How to Import and Export Delimited Files, like CSV, in PowerShell

The Export-CSV and Import-CSV cmdlets are exceptionally useful tools to both export data for consumption to other applications and to retrieve and import information from third-party data sources. Any time that one has to deal with data, there are several considerations to take into account, and these cmdlets help you to deal with those edge cases and issues that may arise.

The Export-CSV Command

First, let’s take a look at how to export data from normal PowerShell objects to a CSV file. CSV stands for comma-delimited values and is the most common format. You can use most any other type of delimiter, but for the purposes of this article, all files will be referred to as CSV. First, let’s set up a data series of data objects that we will then export to a CSV file.


Once this code is run, you can open up the resulting file in Excel, or in Notepad, and see that the properties are comma-delimited.

 

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Exported CSV file from PowerShell.

There may be situations where different systems want the resulting export file in different formats. Usually this revolves around the delimiter used and the quoting of values within the file. As you can see in the default example, all headers and values are quoted. This may not always be desirable or needed. First, let’s take a look at how to manage different delimiters.

In the following example, we are going to change the delimiter to a | (pipe) character. This will take the place of the commas in the above example. As you can see below, each header and value is now separated by the pipe character.


 

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Pipe-delimited CSV exported file.

What about modifying the quoting of the exported files. Perhaps we do not quotes, except in the case where you have a header property that is separated by the delimiter character. To demonstrate this, we will add another property to our output that contains a comma in the property name. Next, we will use the -UseQuotes parameter and the AsNeeded value.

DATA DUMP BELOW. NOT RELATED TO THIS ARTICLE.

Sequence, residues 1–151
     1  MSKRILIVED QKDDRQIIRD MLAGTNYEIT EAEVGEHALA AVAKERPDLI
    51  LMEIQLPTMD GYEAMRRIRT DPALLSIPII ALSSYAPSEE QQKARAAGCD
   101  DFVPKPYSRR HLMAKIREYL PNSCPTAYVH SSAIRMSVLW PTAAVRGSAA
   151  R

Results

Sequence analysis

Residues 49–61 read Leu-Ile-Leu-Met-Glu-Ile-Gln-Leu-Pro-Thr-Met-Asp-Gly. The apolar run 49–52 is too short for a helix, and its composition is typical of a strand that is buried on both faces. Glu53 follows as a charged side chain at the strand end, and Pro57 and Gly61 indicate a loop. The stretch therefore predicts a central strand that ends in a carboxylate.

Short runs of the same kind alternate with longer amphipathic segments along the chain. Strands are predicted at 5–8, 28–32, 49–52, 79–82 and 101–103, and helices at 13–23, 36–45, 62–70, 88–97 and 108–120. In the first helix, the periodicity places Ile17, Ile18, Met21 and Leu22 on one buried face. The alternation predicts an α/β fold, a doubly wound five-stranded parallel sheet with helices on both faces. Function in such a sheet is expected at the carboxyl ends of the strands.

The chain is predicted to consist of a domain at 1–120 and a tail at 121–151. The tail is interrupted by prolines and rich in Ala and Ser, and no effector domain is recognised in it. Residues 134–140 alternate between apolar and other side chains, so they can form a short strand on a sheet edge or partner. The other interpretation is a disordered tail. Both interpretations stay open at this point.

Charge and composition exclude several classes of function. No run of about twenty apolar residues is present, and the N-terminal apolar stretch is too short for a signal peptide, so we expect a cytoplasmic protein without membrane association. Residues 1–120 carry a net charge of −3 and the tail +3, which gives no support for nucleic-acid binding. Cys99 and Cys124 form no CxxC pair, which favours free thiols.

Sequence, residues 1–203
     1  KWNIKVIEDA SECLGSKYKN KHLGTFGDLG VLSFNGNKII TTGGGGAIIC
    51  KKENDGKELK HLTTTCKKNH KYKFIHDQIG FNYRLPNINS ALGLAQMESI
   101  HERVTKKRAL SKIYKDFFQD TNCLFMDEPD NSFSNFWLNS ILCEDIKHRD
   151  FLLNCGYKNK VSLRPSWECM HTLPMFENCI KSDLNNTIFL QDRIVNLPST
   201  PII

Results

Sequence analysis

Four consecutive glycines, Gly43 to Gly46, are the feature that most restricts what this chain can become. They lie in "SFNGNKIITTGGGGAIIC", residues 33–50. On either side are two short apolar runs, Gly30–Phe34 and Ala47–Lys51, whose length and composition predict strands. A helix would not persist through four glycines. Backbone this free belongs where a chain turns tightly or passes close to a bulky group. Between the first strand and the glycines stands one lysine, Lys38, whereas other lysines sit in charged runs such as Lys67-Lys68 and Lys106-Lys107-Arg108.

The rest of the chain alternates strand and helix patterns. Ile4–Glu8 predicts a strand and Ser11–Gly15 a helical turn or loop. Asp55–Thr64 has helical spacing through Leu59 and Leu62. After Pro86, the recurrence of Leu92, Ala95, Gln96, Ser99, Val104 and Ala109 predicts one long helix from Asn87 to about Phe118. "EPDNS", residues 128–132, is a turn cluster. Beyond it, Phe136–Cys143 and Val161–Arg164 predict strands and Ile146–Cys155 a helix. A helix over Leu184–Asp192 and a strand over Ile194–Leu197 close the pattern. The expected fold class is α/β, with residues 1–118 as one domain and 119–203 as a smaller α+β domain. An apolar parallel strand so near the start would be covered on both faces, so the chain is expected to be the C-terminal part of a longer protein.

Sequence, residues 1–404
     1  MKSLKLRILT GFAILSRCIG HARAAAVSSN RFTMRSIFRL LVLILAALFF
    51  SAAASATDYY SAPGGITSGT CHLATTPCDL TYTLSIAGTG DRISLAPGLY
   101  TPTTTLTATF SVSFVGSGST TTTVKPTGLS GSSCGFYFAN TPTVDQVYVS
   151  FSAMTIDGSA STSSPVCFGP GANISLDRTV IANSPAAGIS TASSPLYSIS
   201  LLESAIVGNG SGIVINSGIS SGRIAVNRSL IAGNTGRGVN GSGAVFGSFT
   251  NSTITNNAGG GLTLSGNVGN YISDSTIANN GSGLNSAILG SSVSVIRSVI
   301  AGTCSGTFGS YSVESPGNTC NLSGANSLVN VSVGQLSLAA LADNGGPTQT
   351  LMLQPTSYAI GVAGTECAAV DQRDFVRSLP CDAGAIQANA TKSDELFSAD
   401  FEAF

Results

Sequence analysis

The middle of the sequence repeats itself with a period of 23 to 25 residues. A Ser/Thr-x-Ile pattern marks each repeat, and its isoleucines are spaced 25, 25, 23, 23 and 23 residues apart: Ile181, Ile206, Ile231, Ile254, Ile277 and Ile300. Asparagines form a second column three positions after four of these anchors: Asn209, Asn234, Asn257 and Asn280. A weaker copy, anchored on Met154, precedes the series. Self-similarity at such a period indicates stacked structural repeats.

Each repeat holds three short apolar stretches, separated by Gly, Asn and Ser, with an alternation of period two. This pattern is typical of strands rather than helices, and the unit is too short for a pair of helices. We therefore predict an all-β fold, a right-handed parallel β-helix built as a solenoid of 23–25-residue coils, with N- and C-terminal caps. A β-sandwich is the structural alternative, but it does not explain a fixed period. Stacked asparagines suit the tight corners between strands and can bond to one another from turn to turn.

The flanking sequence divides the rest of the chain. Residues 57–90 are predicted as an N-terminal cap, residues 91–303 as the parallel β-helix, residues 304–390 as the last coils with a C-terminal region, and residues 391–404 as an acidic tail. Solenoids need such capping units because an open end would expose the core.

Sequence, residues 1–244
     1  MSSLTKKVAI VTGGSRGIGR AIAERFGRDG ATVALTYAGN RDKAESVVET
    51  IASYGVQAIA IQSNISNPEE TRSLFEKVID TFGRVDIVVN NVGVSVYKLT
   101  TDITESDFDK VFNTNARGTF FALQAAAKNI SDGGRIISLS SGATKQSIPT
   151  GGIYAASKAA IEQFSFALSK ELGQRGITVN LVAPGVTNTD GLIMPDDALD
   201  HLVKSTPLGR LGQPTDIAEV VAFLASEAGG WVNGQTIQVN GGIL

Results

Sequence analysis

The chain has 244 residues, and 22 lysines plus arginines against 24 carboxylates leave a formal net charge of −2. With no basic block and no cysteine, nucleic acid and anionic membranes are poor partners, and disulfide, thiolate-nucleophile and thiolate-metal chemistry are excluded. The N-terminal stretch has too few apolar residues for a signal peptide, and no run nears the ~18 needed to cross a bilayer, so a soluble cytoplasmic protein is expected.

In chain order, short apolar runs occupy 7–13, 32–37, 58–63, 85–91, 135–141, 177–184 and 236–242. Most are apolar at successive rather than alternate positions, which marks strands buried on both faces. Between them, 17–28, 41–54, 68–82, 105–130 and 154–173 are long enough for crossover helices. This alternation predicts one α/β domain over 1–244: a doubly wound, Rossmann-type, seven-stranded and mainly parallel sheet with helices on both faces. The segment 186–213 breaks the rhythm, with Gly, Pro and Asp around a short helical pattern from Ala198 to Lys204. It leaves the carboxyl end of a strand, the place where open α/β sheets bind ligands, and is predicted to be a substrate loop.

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Exported CSV with a header containing a comma and quoted as needed.

There is one additional parameter that may be useful. This is the -QuoteFields parameter. If you want to force certain fields to be quoted, add them as a comma-separated list of values and they will be quoted in the output.

Type Information in the Output

In Windows PowerShell, the default behavior of the Export-CSV cmdlet was to export the type information into the resulting CSV file. This meant that most scripts would include the parameter -NoTypeInformation as this would remove the exported type from the export file. In PowerShell 6.x and above, the default behavior changed to not output this value. Therefore, to include the information, you have to explicitly state your intentions to do so with the -IncludeTypeInformation parameter. This is an important, good to know, when converting scripts from Windows PowerShell to PowerShell 7.

Using the Import-CSV Command

Just like the Export-CSV command, there is a corresponding Import-CSV command that allows us to consume files from another location. Taking the examples from before, let’s see how to import that data back into PowerShell. As you can see in the example shown below, using our comma-delimited file that is only quoted as necessary, imported successfully into PowerShell.

Importing a CSV into PowerShell.

What about files that use a different delimiter than the default comma? We simply need to specify the delimiter to use via the -Delimiter parameter with the delimiter that is expected.

Importing a pipe-delimited CSV file.

As expected, there is no difference in the objects that are imported into PowerShell. The next most common scenario is when you are given a file that does not have any header information. How do you import the data and assign the values to a named header? This is done by passing in an array of header values to the -Header parameter.

Import CSV with missing headers.

One final note for importing data and headers. If a line is encountered that has an extra value, but not corresponding header, one will be automatically generated using the format of H#. The # will be replaced with an incrementing value, such as H1. This is useful to know so that you can prepare for unclean data and how it will appear to PowerShell.

Conclusion

Both the Export-CSV and the Import-CSV commands are invaluable assets to system administrators and anyone working with data in the PowerShell environment. These commands make it easy to quickly export and import data for further manipulation. This further refinforces the view that PowerShell is a great “glue” language that is ideal for tying together disparate systems. See how you can use these two cmdlets in your scripts today!

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